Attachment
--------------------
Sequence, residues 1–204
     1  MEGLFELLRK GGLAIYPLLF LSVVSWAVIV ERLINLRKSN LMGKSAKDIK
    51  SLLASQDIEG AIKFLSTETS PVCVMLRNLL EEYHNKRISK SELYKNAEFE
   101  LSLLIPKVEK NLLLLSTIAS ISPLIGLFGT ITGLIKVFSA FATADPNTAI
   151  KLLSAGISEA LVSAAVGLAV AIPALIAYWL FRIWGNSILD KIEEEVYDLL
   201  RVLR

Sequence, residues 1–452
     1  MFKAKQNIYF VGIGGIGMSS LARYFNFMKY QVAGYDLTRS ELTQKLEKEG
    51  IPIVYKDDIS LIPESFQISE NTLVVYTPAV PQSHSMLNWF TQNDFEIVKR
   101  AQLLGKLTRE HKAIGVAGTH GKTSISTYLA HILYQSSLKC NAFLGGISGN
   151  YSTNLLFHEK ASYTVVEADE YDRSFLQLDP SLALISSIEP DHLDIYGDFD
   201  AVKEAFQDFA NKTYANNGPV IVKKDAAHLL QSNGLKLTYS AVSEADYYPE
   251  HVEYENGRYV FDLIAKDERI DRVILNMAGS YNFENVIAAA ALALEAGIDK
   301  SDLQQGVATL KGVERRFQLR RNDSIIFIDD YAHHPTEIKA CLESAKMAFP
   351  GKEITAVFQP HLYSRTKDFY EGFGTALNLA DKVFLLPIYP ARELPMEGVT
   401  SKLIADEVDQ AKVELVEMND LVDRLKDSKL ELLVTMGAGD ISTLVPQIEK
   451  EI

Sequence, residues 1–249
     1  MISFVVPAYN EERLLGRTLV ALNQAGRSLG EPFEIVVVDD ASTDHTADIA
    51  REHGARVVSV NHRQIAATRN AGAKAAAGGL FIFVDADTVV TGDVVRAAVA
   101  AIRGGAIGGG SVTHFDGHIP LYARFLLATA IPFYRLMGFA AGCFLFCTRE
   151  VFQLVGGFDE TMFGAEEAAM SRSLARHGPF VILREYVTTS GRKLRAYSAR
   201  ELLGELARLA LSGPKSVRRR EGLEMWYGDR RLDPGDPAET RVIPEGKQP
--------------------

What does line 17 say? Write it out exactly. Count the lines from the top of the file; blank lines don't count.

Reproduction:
   451  EI